The wind gusted through the hawthorn and redbud blossoms and drew her attention. In the swirling pink and white buds a woman appeared with a long black dress, white apron and hair tied into a cap. She shimmered and seemed to meld into the wind until she hovered before Cassie. Their eyes met and Cassie perceived the same mystical pearlescence of her own malachite-green eyes. 

Cassie gulped; the woman ran a ghostly finger down Cassie’s nose, just like Mom used to do, only it felt like falling dew instead of Mom’s warm caress.

“Cassandra?” She squeaked. 

Cassandra nodded and smiled, then placed her fingertip under the tiny horse’s snout still perched on Cassie’s shoulder. The horse nuzzled it. 

“This is Ethur, he is your spirit-guide and protector,” Cassandra spoke, “only those like us can bring him to life. Ask and he will answer, go and he will follow, but know this, he is of Light and only works in Light. He will not heed the dark requests of your heart. He is your constant companion, guide and friend. Love him as he loves you, and when you leave this earth, he will sleep. Pass him down to your descendants until someone awakens him again.”

Tears rolled down Cassie’s cheek, but Cassandra, her fingers under the girl’s chin, continued.

“You have much magic in you and much to learn. As your gifts evolve, he will guide you to use them for the good of the world. Those who torment you do so out of fear, this is your fate, do not let them stop you in your path to lighten the darkness. Ethur, I, and your ancestral line are always with you. Fear not your destiny; embrace it instead.”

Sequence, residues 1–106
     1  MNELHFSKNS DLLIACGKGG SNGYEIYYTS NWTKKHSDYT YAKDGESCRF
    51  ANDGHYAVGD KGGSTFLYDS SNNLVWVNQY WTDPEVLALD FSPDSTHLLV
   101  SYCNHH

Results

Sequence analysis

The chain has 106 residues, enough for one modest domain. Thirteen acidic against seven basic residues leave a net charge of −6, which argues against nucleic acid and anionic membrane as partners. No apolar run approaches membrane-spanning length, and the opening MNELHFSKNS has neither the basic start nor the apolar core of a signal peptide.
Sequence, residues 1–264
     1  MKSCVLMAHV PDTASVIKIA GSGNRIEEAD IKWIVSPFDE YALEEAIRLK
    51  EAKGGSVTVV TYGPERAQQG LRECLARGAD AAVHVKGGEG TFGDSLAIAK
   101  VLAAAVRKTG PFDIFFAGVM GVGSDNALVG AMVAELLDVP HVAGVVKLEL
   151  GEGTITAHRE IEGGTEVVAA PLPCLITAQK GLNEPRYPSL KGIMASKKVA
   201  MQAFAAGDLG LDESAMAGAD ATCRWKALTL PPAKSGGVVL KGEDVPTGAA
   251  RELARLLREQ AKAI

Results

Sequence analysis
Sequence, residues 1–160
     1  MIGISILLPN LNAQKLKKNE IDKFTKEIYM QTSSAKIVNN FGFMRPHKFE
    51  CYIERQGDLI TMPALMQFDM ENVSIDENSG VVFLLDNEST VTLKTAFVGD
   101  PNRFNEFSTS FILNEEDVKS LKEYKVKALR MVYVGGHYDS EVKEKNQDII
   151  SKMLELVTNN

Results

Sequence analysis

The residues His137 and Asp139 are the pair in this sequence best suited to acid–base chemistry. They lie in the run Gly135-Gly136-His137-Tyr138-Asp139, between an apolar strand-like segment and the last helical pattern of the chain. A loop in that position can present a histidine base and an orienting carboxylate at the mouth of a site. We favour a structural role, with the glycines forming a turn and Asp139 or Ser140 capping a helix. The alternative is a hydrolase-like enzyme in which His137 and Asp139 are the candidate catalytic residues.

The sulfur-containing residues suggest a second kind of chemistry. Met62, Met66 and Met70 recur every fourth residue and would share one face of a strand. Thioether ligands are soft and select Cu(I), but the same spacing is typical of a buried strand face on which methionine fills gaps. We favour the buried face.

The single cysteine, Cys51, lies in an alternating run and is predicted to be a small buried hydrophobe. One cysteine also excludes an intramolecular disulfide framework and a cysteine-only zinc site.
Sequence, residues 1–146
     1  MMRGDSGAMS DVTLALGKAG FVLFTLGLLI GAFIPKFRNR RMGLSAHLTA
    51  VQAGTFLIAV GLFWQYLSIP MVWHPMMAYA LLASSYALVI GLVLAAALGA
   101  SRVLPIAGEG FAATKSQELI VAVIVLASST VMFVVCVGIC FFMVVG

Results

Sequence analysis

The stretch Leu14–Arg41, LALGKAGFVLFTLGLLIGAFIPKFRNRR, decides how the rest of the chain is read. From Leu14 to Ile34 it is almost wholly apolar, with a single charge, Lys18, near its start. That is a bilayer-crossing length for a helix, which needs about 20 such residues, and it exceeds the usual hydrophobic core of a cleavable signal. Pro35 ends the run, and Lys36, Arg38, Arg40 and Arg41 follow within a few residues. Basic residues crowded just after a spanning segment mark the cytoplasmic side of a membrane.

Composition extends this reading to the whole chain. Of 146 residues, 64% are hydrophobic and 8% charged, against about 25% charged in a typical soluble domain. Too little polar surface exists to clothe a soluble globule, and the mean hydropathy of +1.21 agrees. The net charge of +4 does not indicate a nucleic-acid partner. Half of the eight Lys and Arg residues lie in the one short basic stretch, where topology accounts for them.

She bent down and kissed Cassie’s cheek. It felt like a cool speckle of rain under a clear sky. Another gust of wind and Cassandra vanished with the swirling blossoms. 

Cassie stood alone by the old graveyard. She gazed at Ethur on her shoulder; his obsidian gold sparkled in the sunlight. She smiled at him and placed a fingertip under his snout, just as Cassandra had done. He nuzzled it and warm energy rushed through her body. In her heart, she knew the gesture had formed the thickest of bonds. 

Voices approached and Ethur froze. He tugged at her neck as he slipped off her shoulder and dangled at her belly, a stone trinket once more. An old couple in hiking boots stopped to admire the blossoms and never noticed the girl with the shabby clothing who was there one moment and gone the next.

GOLDEN TAROT OF THE RENAISSANCE: VIII Justice

The Ancient Cemetery

The forest had swallowed the ancient cemetery until all that remained was the stone angel projecting from the undergrowth. The name on the tomb had vanished and moss and dead leaves covered the statue’s feet. Lichen clung to its wings. Twining plants wound and twirled around the statue’s legs, and Spanish moss hung from its outstretched arms. The right hand clutched a sword ready to strike. The left hand held an uneven balance scale with empty pans, their weights lost in the sands of time. A thin mist always hovered as a ghostly reminder of the long-forgotten names interred there. 

Miranda and Maureen had visited this place since their youth; the twin sisters had loved to meander around the mounds of earth, moss and protruding partial headstones. They’d loved to gaze at the stone angel with facial features smoothed out by time and the encroaching forest. Tall trees surrounded the burial grove and a break in the topmost branches allowed a tiny ray of sun to shine its feeble light on the statue. For decades, every Saturday, the sisters had taken the narrow and nigh invisible path to the ancient graves. Then had sat on a rock before the stone angel to enjoy a picnic of sandwiches, chips and soda.